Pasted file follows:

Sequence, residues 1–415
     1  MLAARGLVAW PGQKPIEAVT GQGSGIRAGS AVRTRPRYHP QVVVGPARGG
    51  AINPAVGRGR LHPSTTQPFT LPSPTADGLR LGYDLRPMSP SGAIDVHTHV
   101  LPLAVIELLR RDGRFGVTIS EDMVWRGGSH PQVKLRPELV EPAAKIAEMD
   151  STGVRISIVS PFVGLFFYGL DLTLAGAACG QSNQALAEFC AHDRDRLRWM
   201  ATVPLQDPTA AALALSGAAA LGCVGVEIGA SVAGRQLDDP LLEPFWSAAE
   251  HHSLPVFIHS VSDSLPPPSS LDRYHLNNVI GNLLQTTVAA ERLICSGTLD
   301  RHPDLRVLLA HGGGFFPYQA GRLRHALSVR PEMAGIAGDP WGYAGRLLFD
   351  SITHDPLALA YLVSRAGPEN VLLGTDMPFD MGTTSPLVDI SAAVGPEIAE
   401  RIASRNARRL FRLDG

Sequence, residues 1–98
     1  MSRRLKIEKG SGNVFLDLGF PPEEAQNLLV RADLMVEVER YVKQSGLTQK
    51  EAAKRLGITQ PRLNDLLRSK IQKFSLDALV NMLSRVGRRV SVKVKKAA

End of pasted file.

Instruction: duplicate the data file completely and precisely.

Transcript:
Sequence, residues 1–415
     1  MLAARGLVAW PGQKPIEAVT GQGSGIRAGS AVRTRPRYHP QVVVGPARGG
    51  AINPAVGRGR LHPSTTQPFT LPSPTADGLR LGYDLRPMSP SGAIDVHTHV
   101  LPLAVIELLR RDGRFGVTIS EDMVWRGGSH PQVKLRPELV EPAAKIAEMD
   151  STGVRISIVS PFVGLFFYGL DLTLAGAACG QSNQALAEFC AHDRDRLRWM
   201  ATVPLQDPTA AALALSGAAA LGCVGVEIGA SVAGRQLDDP LLEPFWSAAE
   251  HHSLPVFIHS VSDSLPPPSS LDRYHLNNVI GNLLQTTVAA ERLICSGTLD
   301  RHPDLRVLLA HGGGFFPYQA GRLRHALSVR PEMAGIAGDP WGYAGRLLFD
   351  SITHDPLALA YLVSRAGPEN VLLGTDMPFD MGTTSPLVDI SAAVGPEIAE
   401  RIASRNARRL FRLDG

Sequence, residues 1–98
     1  MSRRLKIEKG SGNVFLDLGF PPEEAQNLLV RADLMVEVER YVKQSGLTQK
    51  EAAKRLGITQ PRLNDLLRSK IQKFSLDALV NMLSRVGRRV SVKVKKAA